Mary Schapiro, chairman of the US Securities and Exchange Commission, has outlined the regulator’s proposals for reforming dark trading in a statement released before the SEC’s open meeting on ‘non-public trading interests’ this afternoon.
The proposals will be open to public comment for 90 days before any further action is taken.
The first proposal would require actionable indications of interest (IOIs) under $200,000 to be treated like all other quotes and subject to the same disclosure rules in order to prevent the creation of a two-tier market. Speaking at the meeting, Commissioner Troy A. Paredes also invited the market to comment on whether an exemption should be made for IOIs over a particular number of shares. Reg NMS defines a block order as one that is worth more than $200,000 or contains 10,000 or more shares.
IOIs are messages indicating a trading opportunity in a pool which are typically only sent out to a select group of participants rather than the entire market. The SEC defines actionable IOIs as those which contain enough information to permit others to trade.
Secondly, the SEC has proposed reducing the volume threshold applicable to alternative trading systems (ATSs) to 0.25% from 5%. Currently, if an ATS accounts for 5% or more of the volume in a particular stock, it must display its best-priced orders to the public.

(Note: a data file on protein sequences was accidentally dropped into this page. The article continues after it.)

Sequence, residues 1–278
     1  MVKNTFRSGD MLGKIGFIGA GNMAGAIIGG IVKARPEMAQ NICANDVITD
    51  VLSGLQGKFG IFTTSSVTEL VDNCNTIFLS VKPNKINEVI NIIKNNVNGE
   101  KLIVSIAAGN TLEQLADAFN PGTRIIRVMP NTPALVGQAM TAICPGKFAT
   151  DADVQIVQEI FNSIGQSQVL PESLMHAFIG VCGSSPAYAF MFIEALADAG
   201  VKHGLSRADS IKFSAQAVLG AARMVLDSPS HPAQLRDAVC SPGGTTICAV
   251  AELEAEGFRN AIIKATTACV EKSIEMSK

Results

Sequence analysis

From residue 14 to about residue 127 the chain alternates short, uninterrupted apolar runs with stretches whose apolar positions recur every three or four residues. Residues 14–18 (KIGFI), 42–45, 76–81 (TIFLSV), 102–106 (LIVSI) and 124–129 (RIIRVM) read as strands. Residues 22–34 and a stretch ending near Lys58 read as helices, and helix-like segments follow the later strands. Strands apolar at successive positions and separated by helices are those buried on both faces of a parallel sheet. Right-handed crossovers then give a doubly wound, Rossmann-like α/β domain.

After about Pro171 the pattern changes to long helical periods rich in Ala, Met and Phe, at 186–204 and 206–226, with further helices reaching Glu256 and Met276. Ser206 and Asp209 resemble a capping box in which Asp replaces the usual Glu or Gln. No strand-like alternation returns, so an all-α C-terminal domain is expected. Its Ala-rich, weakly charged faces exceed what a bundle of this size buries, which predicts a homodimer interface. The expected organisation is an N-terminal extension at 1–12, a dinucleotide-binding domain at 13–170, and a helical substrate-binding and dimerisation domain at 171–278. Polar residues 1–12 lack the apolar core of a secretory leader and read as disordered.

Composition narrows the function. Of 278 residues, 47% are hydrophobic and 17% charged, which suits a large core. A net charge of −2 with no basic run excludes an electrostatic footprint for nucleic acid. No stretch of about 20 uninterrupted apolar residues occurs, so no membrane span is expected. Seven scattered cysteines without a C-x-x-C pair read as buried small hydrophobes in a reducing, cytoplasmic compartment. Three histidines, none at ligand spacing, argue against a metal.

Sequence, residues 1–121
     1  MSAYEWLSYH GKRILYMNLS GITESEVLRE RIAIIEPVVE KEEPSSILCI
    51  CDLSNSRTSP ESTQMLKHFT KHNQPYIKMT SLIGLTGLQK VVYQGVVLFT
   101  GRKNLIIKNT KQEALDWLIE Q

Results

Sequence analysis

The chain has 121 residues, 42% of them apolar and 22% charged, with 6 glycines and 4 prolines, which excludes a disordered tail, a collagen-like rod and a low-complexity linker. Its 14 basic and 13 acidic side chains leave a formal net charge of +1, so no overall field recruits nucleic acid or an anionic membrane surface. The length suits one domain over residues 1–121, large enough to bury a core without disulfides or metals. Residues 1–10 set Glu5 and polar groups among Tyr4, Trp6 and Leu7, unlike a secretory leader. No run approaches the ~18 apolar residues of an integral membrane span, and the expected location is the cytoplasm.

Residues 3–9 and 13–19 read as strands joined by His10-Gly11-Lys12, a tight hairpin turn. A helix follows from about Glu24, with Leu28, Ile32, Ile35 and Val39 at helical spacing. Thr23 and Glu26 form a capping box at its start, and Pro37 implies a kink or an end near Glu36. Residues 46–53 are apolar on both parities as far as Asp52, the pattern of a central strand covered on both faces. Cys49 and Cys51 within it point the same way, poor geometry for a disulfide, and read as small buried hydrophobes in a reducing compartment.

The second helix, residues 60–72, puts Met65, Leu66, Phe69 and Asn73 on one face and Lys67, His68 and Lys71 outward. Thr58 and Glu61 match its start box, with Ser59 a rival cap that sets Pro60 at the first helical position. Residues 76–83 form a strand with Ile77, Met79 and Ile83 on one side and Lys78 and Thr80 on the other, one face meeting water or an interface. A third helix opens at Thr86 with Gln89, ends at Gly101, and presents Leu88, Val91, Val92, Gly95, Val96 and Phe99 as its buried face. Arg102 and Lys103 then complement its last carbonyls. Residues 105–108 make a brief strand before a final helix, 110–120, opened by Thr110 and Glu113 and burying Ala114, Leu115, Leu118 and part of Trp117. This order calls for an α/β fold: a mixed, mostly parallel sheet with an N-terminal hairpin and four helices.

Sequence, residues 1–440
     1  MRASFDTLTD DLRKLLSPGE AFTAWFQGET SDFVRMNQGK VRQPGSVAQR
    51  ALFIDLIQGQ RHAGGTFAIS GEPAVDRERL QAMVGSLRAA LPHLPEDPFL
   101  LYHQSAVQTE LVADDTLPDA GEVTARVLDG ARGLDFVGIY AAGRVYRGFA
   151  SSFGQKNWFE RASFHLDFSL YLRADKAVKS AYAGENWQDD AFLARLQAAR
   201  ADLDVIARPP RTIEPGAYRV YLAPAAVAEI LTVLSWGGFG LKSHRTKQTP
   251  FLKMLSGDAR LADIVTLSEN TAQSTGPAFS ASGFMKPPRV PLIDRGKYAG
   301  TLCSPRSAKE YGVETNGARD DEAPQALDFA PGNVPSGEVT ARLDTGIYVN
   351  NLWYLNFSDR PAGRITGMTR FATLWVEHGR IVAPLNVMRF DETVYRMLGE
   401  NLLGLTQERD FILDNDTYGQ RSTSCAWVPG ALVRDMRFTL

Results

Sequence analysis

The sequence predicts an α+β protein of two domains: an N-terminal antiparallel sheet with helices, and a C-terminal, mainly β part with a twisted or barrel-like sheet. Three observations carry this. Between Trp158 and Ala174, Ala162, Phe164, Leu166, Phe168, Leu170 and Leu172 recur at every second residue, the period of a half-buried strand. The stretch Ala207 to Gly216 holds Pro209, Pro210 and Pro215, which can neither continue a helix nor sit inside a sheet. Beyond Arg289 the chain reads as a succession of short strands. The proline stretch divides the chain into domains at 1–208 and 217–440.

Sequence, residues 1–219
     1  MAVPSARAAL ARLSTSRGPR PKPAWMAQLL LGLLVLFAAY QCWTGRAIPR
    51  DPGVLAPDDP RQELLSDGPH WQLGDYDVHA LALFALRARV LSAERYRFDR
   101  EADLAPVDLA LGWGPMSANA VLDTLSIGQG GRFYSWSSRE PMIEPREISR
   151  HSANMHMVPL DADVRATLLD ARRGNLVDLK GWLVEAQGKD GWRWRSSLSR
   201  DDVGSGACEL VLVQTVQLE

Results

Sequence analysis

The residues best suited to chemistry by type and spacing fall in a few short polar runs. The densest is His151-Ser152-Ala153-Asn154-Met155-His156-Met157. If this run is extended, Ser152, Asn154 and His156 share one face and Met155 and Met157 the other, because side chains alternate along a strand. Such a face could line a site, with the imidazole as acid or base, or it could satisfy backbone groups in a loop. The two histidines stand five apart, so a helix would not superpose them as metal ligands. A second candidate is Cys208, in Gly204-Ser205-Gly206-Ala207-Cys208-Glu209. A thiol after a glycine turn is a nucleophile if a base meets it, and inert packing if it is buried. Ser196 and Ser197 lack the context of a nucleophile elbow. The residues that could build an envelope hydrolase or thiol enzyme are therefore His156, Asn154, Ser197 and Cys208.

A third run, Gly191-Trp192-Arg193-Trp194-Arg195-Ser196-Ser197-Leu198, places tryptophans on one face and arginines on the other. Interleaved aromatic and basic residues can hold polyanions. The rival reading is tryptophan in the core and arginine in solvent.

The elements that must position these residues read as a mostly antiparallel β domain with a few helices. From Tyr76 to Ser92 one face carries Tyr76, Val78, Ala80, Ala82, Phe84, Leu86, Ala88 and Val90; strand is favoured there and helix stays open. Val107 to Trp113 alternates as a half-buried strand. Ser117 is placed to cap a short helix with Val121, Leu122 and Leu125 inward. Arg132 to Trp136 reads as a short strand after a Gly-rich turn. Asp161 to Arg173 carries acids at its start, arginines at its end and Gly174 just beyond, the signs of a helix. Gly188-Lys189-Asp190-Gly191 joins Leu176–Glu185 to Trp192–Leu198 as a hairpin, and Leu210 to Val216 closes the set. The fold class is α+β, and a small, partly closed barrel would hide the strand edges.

The third proposal for discussion would require real-time disclosure of the identity of dark pools after they execute a trade, bringing reporting in line with registered exchanges. The identity of the dark pools is presently not disclosed.?“Although dark liquidity always has existed in one form or another in the equity markets, the Commission must assure that the public markets and non-public trading venues operate within a balanced regulatory framework,” said Schapiro, in a statement. “This means that as markets evolve, the Commission must continually seek to preserve the essential role of the public markets in promoting efficient price discovery and investor confidence.” According to the SEC, all of the propositions have the goal of increasing market transparency, although according to some market observers, renewed regulation around dark pools is not necessary.
“There is no evidence that dark pool volume should be curtailed…yet,” said Adam Sussman, director of research, TABB Group. “Although the percentage of matched share volume occurring in the dark has risen steadily during the past four years – from 1.5% in 2005 to nearly 12% today – the absence of data makes it difficult to analyse the effect dark trading has on their own trading, let alone the efficiency of the US equity markets.”
Schapiro also confirmed that the SEC is reviewing the rise of high-frequency electronic trading strategies, broker arrangements that allow customers direct access to the markets and exchange co-location services that provide speed advantages to customers in obtaining market data and executing trades.